If the ‘’equity lawsuit’’ now going on in Nebraska courts does grant wads of new cash for the Omaha Public Schools and others who have more low-income and immigrant children to educate, it’d be a gigantic case of throwing money down a rathole.

And as for the insulting lie that we taxpayers are somehow skimping on our funding for public schools and ripping off needy children, I would direct critics to the facts, including the most recent financial information available from the State Education Department on http://ess.nde.state.ne.us/SchoolFinance/AFR/search/afr.htm

The figures show that Nebraska taxpayers have provided $4.5 billion in K-12 buildings and contents for our kids. Not exactly ‘’chintzy’’ in my book.

Ten years ago, Nebraska taxpayers had invested an average of $8,648 per pupil in buildings and contents, and that just about doubled, past $17,141, in the 2002-03 school year.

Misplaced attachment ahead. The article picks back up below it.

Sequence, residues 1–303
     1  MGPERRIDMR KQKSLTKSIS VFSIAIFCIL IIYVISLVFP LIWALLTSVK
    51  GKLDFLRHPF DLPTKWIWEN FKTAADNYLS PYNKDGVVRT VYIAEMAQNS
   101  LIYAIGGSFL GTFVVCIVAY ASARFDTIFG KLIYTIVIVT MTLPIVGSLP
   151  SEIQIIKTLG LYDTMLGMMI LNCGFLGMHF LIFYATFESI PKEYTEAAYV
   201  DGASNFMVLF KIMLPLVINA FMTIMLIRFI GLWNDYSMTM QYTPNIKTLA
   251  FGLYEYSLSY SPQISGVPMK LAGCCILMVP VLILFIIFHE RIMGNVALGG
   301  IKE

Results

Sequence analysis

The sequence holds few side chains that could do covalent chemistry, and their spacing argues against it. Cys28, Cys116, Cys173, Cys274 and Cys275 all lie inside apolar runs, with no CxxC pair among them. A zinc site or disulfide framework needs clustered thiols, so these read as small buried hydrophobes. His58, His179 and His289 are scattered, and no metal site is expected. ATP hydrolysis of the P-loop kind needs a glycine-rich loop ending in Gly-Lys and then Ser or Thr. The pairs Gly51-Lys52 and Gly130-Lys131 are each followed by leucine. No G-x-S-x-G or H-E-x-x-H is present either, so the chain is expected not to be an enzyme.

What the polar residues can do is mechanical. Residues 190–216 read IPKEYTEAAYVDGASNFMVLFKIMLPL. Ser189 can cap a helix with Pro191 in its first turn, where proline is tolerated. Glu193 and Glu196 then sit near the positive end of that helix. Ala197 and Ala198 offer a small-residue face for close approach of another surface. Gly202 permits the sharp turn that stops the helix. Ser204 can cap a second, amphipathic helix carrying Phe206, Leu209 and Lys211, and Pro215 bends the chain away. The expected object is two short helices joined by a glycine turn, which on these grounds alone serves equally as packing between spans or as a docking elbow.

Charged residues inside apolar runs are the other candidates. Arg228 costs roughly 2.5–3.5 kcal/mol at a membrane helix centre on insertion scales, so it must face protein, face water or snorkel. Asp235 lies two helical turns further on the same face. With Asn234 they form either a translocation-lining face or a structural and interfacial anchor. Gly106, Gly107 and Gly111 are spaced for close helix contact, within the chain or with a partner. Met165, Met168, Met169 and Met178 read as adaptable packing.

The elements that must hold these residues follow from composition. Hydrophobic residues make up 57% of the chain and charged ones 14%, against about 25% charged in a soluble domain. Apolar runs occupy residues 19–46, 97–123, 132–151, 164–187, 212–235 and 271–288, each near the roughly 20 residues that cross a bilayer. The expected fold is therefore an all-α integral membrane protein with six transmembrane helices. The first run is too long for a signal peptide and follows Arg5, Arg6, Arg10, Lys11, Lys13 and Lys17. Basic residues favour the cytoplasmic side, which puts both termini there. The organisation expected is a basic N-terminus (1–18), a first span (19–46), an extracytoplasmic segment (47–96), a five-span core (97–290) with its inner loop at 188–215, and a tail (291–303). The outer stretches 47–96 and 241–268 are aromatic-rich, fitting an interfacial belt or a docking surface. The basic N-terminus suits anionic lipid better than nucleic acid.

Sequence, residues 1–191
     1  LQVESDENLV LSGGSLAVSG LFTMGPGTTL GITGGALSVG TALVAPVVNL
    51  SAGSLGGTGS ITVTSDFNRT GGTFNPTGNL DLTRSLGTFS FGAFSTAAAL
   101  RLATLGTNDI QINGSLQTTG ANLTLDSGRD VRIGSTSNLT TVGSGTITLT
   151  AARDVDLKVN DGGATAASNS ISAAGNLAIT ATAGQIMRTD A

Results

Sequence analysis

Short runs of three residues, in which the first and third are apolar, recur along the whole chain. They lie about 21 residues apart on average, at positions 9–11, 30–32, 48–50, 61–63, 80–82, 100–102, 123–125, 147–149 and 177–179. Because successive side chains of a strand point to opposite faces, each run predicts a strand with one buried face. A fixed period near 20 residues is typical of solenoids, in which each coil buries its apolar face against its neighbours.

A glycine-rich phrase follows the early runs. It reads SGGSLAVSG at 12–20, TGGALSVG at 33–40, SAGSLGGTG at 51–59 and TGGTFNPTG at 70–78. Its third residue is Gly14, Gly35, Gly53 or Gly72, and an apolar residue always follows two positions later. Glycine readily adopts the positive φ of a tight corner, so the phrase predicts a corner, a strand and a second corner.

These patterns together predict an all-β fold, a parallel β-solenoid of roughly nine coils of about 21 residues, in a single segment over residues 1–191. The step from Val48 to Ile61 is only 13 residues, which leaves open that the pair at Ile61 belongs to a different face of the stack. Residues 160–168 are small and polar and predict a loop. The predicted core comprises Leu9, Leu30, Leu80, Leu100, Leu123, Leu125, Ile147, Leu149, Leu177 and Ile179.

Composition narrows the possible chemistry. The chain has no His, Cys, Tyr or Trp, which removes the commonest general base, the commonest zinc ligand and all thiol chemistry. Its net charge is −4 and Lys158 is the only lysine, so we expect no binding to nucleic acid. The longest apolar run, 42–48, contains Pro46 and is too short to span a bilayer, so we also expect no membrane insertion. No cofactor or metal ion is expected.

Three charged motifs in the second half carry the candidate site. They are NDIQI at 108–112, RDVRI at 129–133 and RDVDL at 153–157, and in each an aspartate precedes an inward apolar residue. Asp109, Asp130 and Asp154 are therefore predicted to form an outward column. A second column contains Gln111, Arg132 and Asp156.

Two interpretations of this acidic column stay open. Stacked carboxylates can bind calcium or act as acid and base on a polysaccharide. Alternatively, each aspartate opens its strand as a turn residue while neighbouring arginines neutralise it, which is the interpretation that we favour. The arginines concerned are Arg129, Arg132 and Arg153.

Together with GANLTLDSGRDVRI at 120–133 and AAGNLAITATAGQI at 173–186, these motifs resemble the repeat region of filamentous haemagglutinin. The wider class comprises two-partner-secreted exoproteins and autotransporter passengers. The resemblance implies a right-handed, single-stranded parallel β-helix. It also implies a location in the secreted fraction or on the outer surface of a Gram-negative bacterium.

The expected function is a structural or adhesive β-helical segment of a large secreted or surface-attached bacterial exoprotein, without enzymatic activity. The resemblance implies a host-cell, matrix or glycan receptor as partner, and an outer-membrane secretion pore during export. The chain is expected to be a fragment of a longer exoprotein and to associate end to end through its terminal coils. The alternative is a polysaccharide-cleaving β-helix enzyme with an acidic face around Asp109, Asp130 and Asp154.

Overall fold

On top of that is the operating fund, which has increased from $4,936.21 to over $7,896.63 per pupil per year in the last decade.

And for that, we have to sit back and watch the kids who need great public schools the most fall farther and farther behind . . . where in other places, for no more money, but the right approach to meeting their needs, they’re catching up.

I hope the judges take a long, hard look at the ‘’No Excuses’’ data, and the Hanushek data, and other clear evidence that better curriculum, instruction and management are what needy kids need most.

Let’s get them for them. No excuses!